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Attorney charged with timeshare sales fraud conspiracy

A Williamsburg lawyer has been accused by federal authorities of taking part in a scheme to sell multiple timeshare units to straw buyers, generating transaction fees while forcing units into foreclosure.

Deborah M. Wager was named in a criminal information filed in Newport News federal court in May. Wagner’s involvement in the conspiracy took place from 2011 to 2013, the government charged.

The scheme targeted timeshare unit owners and resorts, prosecutors said. The object was to “obtain and then transfer such units into the names of straw owners and others, thereby collecting fees from the original owners of the units and obtaining control over the respective units,” the charge reads.

Conspirators allegedly recruited the straw buyers for fees ranging from about $25 to $50 each. The straw owners were not qualified buyers, the government charges.

The straw owners’ failure to make payments resulted in “default, foreclosure, and substantial losses to the timeshare resort companies, owners associations and affiliated entities,” the charge against Wagner reads.

Court documents in the case of another defendant – already serving a 3-year, 10-month sentence – shed light on the alleged conspiracy.

The plan was to falsely advertise to timeshare owners that their timeshare units could be legitimately transferred, relieving them of regular maintenance fees.

“The defendant did not provide this service free of charge. In many cases, original timeshare owners that were elderly paid thousands of dollars for what amounted to a phantom service,” prosecutors wrote in the case of Brendan J. Hawkins of Williamsburg.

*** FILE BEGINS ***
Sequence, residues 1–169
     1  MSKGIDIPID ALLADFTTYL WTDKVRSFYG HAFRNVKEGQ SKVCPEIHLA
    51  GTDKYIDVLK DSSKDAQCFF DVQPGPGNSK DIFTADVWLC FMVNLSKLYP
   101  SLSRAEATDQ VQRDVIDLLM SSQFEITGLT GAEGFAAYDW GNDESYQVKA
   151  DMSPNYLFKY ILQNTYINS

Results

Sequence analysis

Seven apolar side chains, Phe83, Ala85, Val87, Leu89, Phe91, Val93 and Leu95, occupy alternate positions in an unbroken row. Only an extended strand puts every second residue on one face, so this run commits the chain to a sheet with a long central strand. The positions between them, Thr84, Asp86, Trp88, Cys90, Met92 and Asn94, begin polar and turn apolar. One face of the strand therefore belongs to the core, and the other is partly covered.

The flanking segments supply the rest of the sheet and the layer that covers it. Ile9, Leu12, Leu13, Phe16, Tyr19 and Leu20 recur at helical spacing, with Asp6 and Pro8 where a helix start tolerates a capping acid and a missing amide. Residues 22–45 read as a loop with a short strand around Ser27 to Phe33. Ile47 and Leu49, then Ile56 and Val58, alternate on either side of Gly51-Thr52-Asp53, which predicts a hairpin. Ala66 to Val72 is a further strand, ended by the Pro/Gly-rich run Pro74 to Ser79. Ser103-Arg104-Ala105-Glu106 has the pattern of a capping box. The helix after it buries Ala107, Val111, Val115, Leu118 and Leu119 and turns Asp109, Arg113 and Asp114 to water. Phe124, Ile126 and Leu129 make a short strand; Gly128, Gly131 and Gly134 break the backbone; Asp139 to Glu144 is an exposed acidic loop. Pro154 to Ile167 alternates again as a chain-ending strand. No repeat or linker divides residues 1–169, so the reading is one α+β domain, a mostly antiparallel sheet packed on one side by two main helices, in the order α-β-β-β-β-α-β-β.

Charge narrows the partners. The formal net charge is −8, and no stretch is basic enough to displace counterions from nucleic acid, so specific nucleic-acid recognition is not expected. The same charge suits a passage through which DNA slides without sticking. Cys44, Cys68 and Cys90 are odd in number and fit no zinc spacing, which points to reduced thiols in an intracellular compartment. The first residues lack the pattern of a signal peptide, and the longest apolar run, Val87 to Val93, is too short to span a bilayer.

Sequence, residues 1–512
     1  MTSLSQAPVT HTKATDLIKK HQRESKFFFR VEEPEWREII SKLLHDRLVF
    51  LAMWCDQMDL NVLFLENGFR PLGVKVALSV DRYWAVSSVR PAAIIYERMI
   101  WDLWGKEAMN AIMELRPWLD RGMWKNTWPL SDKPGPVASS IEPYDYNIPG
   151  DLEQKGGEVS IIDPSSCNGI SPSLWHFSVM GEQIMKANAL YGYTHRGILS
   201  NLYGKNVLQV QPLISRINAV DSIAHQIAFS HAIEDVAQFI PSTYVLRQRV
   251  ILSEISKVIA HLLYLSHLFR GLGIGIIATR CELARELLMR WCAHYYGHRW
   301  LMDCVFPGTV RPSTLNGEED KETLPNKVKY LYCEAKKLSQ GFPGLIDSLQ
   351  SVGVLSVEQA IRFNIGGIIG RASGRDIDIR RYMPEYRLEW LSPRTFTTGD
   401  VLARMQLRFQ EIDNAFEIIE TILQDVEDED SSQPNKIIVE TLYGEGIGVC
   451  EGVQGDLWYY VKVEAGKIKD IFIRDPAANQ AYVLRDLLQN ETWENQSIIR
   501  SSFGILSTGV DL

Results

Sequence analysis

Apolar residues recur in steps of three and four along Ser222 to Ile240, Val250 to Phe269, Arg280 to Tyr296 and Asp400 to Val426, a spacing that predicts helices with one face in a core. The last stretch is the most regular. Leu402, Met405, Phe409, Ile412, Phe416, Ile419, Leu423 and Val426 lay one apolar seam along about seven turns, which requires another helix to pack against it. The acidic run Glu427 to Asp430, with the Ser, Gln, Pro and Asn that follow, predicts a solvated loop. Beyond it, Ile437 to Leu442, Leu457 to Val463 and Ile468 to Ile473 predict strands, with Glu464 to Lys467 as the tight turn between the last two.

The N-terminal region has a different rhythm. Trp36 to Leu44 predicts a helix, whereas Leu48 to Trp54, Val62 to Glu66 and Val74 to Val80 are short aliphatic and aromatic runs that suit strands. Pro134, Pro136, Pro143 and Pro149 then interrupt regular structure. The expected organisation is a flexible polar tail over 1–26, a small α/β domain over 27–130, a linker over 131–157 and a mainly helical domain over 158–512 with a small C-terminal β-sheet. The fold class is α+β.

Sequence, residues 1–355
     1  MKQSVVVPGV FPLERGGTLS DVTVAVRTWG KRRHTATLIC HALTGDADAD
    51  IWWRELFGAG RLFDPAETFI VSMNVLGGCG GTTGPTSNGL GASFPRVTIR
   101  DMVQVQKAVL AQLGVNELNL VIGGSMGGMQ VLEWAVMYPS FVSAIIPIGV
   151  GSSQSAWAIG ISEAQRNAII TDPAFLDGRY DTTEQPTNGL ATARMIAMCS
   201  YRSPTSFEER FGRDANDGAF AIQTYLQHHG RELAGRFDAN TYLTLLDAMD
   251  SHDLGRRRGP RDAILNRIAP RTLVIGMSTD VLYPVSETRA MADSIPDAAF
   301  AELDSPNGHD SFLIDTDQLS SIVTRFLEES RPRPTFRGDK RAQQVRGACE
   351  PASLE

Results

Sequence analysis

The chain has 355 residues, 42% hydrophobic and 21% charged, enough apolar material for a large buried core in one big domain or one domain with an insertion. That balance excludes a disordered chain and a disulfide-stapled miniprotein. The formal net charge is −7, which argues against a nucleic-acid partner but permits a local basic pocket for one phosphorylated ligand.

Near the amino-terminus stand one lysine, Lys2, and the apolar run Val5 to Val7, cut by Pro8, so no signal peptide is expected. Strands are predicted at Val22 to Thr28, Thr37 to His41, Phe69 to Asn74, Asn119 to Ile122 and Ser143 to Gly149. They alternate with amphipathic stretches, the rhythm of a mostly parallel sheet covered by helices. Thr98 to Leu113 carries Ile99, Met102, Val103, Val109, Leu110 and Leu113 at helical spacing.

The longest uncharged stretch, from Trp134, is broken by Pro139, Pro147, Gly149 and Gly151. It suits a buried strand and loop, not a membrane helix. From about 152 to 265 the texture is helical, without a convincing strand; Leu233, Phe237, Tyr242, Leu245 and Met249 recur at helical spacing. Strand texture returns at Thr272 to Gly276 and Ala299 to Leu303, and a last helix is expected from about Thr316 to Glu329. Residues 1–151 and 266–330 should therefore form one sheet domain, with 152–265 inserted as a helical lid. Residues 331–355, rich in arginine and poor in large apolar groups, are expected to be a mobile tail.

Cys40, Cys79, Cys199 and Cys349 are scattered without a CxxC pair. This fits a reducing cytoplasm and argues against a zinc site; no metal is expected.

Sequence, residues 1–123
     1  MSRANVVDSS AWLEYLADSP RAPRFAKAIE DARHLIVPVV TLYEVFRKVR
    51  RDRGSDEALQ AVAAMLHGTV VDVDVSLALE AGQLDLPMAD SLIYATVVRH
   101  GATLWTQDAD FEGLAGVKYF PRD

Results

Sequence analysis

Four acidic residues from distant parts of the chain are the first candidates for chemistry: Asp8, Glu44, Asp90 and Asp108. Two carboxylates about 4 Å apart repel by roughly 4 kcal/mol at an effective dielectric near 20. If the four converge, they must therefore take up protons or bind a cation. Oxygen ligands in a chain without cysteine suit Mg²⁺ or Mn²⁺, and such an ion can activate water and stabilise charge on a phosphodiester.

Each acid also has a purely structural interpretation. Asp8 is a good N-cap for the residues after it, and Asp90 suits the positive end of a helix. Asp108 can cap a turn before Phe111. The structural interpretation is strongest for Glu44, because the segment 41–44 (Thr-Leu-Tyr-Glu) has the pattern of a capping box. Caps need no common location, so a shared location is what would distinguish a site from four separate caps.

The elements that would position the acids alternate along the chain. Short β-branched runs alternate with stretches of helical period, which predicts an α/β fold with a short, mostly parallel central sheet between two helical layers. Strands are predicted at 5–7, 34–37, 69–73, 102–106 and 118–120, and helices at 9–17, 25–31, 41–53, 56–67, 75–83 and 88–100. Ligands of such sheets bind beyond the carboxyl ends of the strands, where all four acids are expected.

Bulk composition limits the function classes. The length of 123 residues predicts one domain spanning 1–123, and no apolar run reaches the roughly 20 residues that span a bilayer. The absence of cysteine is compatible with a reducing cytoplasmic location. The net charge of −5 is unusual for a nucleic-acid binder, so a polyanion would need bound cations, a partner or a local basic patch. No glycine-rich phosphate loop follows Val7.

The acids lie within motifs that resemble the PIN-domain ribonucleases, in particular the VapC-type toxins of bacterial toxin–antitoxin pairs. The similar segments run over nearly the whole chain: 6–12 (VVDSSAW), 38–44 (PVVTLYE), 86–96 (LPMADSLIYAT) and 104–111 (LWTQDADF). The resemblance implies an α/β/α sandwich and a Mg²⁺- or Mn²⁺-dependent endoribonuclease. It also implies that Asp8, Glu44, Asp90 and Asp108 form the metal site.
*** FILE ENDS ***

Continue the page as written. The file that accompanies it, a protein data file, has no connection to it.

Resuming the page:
“The defendant pocketed the money and then quickly transferred the timeshare unit into the name of a straw owner, who had no intention or ability to make payments on the maintenance fees or other obligations. The defendant knew that these timeshare units were being transferred to individuals who could not meet the obligations of ownership – he recruited them for this purpose,” the government charged in Hawkins’ case.

Wagner’s precise role in the alleged scheme is not spelled out in the government’s charge, but a document in Hawkins’ court file states that he “engaged a law firm to handle such transfers.”

Wagner’s fraud conspiracy charge carries a possible 20-year sentence.

A hearing scheduled in June was called off, according to docket notes in online court records.

Wagner was admitted to the Virginia bar in 1996, according to her firm’s website. Her law degree is from the University of Illinois and undergraduate degree from Illinois Wesleyan University.

A call for comment to Wagner’s office was not immediately returned.

Wagner is represented by California lawyer Jennifer J. Wirsching and Richmond lawyer Miriam B. Airington. Neither immediately responded to calls for comment.

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